Hands-on majors adjust to an online semester

CMA, chemistry and art majors continue adjusting to remote learning at the start of fall semester.


Professor John Schmidt going live from Studio A. Photo Courtesy of Joshua Kozycz.

Bethsabe Camacho, Staff Writer

Before the fall semester began, faculty and staff anticipated to teach students through hybrid classes. Biola had designed a system that would allow a limited number of students to be present in class, while others watched via Zoom. When President Barry Corey announced that Biola’s campus would be closed, departments had to quickly reimagine their approach to hands-on classes.


Cinema and media arts, chemistry, and art students underwent the most changes as their hands-on learning seemed to be cut short. 

“For me the whole appeal of being at film school is to have access to the equipment room, have access to the equipment, and to be able to meet other filmmakers,” said Griffin Douglass, a junior cinema and media arts major. “You miss a lot of the charm that it has in-person if you do it online.”

While students within driving distance are able to check out equipment for longer periods of time, others may have to adapt to new formats of filming.

CMA professor Dean Yamada explained that projects such as the Biola Film will still take place, though they will look different from previous years. They are looking at the possibility of shooting virtually or in-person, while adhering to California guidelines.

Other professors, such as John Schmidt, have come up with new ways to make sure their students are getting hands-on experience. In an email, Schmidt described his new class system in which students learn cinematography with the same equipment he has in front of him, but simply from home. He set up in Studio A, where students would normally have their cinematography class, and lectures through Zoom as if they were there with him.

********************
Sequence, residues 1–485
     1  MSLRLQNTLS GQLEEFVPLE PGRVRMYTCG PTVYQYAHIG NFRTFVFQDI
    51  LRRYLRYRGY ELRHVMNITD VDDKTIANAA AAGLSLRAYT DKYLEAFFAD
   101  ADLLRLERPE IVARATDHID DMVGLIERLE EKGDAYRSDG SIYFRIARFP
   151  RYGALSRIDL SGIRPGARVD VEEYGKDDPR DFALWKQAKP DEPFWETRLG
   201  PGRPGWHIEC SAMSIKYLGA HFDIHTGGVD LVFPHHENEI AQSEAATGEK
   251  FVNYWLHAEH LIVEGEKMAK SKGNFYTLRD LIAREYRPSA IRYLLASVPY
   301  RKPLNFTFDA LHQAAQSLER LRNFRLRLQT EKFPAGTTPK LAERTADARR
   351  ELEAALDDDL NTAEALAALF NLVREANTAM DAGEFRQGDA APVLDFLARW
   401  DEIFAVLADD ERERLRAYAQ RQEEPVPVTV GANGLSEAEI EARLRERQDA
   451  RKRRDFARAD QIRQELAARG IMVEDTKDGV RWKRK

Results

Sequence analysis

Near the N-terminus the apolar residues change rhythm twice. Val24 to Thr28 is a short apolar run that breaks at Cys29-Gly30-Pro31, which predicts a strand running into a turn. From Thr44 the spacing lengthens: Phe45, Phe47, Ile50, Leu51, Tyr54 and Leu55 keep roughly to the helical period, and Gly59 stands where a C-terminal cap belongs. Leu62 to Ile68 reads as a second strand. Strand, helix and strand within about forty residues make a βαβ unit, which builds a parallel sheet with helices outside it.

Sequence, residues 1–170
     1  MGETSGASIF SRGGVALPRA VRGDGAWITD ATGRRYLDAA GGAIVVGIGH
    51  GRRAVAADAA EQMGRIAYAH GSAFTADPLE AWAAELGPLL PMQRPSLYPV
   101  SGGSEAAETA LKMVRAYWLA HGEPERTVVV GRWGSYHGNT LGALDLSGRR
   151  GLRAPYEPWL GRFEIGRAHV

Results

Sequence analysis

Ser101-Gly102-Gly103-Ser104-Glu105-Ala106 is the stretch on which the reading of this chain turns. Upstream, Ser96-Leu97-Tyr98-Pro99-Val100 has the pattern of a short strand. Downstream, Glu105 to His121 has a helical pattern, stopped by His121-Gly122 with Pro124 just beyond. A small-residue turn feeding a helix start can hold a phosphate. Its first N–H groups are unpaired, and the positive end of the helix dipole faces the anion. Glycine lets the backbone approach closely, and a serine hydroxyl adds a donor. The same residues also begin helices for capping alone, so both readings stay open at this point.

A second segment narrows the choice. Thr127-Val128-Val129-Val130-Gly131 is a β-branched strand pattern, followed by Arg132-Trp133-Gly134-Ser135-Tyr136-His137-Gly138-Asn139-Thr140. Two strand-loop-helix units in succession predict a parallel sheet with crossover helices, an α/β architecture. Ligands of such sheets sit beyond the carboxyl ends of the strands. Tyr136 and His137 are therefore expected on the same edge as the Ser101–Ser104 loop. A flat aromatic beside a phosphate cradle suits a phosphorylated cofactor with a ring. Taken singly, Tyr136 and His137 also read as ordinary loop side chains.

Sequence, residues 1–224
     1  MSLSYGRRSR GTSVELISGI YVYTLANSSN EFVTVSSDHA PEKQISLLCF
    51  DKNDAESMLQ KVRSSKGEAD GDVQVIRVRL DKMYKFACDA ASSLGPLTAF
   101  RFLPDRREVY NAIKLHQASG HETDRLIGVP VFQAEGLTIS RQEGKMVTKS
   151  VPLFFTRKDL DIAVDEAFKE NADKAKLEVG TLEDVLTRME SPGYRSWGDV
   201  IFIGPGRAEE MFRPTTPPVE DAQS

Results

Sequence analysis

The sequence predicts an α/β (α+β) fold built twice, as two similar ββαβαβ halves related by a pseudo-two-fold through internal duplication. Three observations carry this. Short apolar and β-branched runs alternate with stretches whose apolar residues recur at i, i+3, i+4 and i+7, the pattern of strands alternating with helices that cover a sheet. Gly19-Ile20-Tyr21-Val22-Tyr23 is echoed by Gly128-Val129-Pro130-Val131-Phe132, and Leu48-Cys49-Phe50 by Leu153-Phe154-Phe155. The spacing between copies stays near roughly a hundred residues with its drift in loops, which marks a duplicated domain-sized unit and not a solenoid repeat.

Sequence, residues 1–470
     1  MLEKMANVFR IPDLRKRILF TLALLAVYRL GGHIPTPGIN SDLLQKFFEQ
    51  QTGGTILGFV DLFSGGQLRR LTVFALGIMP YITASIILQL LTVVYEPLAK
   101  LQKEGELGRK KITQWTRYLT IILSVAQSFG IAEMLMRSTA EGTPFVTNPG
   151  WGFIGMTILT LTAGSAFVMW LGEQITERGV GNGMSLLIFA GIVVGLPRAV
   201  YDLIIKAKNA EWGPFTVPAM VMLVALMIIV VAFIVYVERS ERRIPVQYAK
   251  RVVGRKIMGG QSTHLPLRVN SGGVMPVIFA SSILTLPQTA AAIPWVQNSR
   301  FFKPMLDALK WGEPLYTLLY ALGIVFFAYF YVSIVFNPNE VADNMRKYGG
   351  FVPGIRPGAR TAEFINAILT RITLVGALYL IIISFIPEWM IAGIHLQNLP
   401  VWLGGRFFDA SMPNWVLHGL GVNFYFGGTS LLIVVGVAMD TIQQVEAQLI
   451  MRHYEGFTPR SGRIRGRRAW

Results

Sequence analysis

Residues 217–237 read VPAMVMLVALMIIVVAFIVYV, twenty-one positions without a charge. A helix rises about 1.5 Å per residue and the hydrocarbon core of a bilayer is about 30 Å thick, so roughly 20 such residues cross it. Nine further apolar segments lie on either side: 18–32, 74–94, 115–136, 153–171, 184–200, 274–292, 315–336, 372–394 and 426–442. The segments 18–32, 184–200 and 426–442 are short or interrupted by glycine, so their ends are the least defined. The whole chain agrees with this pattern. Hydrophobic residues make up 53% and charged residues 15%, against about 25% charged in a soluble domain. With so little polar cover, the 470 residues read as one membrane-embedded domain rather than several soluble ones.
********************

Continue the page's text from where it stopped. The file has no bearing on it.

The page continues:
Photo Courtesy of Joshua Kozycz.


Art students are also having to adapt to new media. Art professor Luke Aleckson has transitioned his sculpting class to Adobe Creative Cloud, which allows students to create 3D models of their art via online programs. Aleckson believes this transition also gives insight into what other artists did when they could not use traditional methods in the past. 

“We’re also talking about the lineage and the history of what artists do when they don’t have space, or money or resources,” he said. “Because art has always existed.”

Science professors have also had to get creative when it comes to labs. Chair of the Department of Chemistry, Physics and Engineering Eric Hedin explained that labs are fully pre-recorded now and that students will gather data from the videos instead of performing their own experiments. 

Students were not thrilled when the news hit. Junior chemistry major Nathan Jensen was disappointed when he learned he would not be able to move back to campus. 

“Research opportunities that science majors generally have access to are not available this semester due to being remote, which is unfortunate,” Jensen said.

Although watching a lab is different than conducting one, faculty is available in real time to answer any questions or concerns students may have. 


Yamada explained that by teaching his students to shoot and produce virtually, they will be able to continue storytelling in a variety of circumstances. He hopes to empower his students to push through these challenging times.

Faith remains an important part of the Biola education even though students may not be sitting in a classroom this semester. Aleckson wants his students to think about how art and faith go together.

“That’s a part of the way we integrate faith in our discipline and how artists contribute to the world beyond art and contribute to a collective human understanding of ‘This is what we’re going through, this is how we can experience hope, this is how we can experience healing and how does our faith speak into that,’” Aleckson said.

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